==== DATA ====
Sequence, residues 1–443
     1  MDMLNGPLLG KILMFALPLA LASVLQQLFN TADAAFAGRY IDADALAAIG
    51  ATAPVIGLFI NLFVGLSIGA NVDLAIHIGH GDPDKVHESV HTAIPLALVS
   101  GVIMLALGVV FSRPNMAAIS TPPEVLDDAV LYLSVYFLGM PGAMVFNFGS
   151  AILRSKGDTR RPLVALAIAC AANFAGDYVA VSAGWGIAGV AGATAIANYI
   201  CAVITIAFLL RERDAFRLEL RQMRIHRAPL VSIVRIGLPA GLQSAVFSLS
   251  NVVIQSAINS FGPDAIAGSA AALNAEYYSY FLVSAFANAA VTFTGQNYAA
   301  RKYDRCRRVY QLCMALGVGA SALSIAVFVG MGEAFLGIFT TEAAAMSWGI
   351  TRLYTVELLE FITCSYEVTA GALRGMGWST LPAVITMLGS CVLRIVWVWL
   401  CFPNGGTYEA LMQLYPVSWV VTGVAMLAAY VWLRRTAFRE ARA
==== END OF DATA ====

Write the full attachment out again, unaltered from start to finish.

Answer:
Sequence, residues 1–443
     1  MDMLNGPLLG KILMFALPLA LASVLQQLFN TADAAFAGRY IDADALAAIG
    51  ATAPVIGLFI NLFVGLSIGA NVDLAIHIGH GDPDKVHESV HTAIPLALVS
   101  GVIMLALGVV FSRPNMAAIS TPPEVLDDAV LYLSVYFLGM PGAMVFNFGS
   151  AILRSKGDTR RPLVALAIAC AANFAGDYVA VSAGWGIAGV AGATAIANYI
   201  CAVITIAFLL RERDAFRLEL RQMRIHRAPL VSIVRIGLPA GLQSAVFSLS
   251  NVVIQSAINS FGPDAIAGSA AALNAEYYSY FLVSAFANAA VTFTGQNYAA
   301  RKYDRCRRVY QLCMALGVGA SALSIAVFVG MGEAFLGIFT TEAAAMSWGI
   351  TRLYTVELLE FITCSYEVTA GALRGMGWST LPAVITMLGS CVLRIVWVWL
   401  CFPNGGTYEA LMQLYPVSWV VTGVAMLAAY VWLRRTAFRE ARA